A simplified approach to implement forest eco-hydrological properties in regional hydrological modelling

Martin Wattenbach, F. F. Hattermann, R. Weng, F. Wechsung, F. Badeck

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    32 Citations (Scopus)


    The topic of this paper is a simplified model for simulating the hydrological properties of forest stands based on a robust computation of the temporal LAI (leaf area index) dynamics. The approach allows the simulation of all hydrologically relevant processes. It includes interception of precipitation and transpiration of forest stands with and without groundwater in the rooting zone. The model also considers phenology, mortality and simple management practice. It was implemented as a module in the eco-hydrological model SWIM (Soil and Water Integrated Model), The approach was tested on Scots pine (Pinus sylvestris) and common oak (Quercus robur and Q. petraea).

    The results demonstrate a good simulation of annual biomass increase and LAI and satisfactory simulation of litter production (annual mean value). A comparison of the date of May sprout for Scots pine and leaf unfolding for Oak (1980-1990) with observed data of the DWD (German Weather Service) shows a good reproduction of the temporal dynamic. The daily simulation of transpiration shows an excellent correlation of r = 0.81 for the year 1998 but only r = 0.65 for 1999. The interception losses were also simulated and compared with weekly observed data showing satisfactory results in the vegetation periods and annual sums, but worse agreement in autumn and spring time. A regional assessment study was done in the federal state of Brandenburg (Germany) to test the applicability and multi-criteria evaluation capabilities of the approach on the landscape and catchments scale using forest data, daily river discharge and regional water balance. (c) 2005 Elsevier B.V. All rights reserved.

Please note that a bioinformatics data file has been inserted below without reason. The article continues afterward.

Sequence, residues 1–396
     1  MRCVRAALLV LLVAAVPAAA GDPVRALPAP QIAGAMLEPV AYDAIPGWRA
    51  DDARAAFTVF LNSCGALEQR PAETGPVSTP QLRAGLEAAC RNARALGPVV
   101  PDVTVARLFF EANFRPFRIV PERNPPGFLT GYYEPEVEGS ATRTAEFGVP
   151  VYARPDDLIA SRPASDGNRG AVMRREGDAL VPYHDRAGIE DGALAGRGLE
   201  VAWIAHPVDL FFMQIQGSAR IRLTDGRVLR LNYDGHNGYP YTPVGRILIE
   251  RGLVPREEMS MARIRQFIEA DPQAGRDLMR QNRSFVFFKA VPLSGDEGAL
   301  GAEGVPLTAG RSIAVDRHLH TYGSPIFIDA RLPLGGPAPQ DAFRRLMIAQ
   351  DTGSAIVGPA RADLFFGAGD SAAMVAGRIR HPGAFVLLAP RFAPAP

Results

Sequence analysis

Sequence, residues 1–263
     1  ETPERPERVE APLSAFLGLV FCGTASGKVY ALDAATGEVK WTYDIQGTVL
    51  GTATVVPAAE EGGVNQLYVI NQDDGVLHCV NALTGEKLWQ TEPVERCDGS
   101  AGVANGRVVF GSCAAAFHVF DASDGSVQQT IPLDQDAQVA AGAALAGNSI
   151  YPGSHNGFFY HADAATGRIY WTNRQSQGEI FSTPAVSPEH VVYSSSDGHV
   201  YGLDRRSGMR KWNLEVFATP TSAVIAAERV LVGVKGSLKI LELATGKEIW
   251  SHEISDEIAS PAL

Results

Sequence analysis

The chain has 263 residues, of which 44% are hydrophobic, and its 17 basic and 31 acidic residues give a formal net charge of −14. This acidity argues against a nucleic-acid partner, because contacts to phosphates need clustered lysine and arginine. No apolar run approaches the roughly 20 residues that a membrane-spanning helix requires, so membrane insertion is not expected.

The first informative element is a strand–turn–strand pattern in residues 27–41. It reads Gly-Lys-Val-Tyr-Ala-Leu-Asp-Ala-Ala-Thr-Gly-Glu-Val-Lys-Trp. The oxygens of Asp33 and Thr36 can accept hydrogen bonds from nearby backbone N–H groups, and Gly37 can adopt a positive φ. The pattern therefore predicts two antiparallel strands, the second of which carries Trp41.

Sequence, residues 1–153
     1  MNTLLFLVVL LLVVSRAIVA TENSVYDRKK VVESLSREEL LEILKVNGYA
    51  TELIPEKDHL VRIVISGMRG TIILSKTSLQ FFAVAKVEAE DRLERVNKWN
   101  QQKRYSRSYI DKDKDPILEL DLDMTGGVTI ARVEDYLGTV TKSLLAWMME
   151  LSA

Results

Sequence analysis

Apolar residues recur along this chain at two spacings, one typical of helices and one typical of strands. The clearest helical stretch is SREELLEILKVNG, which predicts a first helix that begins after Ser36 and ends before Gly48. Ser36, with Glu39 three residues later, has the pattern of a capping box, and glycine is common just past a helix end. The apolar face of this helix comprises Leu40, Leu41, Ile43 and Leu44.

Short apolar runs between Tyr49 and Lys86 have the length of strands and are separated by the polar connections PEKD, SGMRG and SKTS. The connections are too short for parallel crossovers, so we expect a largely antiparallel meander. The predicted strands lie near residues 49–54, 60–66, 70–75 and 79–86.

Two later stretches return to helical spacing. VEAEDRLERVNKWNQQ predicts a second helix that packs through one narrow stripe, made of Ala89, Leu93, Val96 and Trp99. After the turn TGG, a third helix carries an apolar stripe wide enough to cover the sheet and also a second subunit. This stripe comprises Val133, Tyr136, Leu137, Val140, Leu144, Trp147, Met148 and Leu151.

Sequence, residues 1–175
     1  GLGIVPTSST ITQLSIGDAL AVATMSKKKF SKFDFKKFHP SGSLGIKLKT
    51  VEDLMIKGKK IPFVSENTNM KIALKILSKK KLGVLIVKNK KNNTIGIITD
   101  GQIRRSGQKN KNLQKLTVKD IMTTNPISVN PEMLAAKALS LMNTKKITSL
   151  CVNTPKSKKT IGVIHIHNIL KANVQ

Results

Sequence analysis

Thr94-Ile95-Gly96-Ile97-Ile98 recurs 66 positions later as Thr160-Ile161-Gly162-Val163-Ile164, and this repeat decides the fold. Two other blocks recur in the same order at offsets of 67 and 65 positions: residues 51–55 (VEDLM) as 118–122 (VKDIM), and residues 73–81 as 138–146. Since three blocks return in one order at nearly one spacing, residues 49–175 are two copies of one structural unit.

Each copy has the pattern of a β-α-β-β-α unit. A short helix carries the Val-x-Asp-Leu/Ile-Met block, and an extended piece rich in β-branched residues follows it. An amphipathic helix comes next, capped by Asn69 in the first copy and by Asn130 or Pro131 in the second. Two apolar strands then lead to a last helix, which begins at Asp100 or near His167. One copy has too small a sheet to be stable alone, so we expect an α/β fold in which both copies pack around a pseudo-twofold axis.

Original languageEnglish
    Pages (from-to)40-59
    Number of pages19
    JournalEcological Modelling
    Issue number1 SPEC
    Publication statusPublished - 2005


    • eco-hydrology
    • scots pine
    • Pinus sylvestris
    • common oak
    • Quercus robur
    • GROWTH
    • BGC


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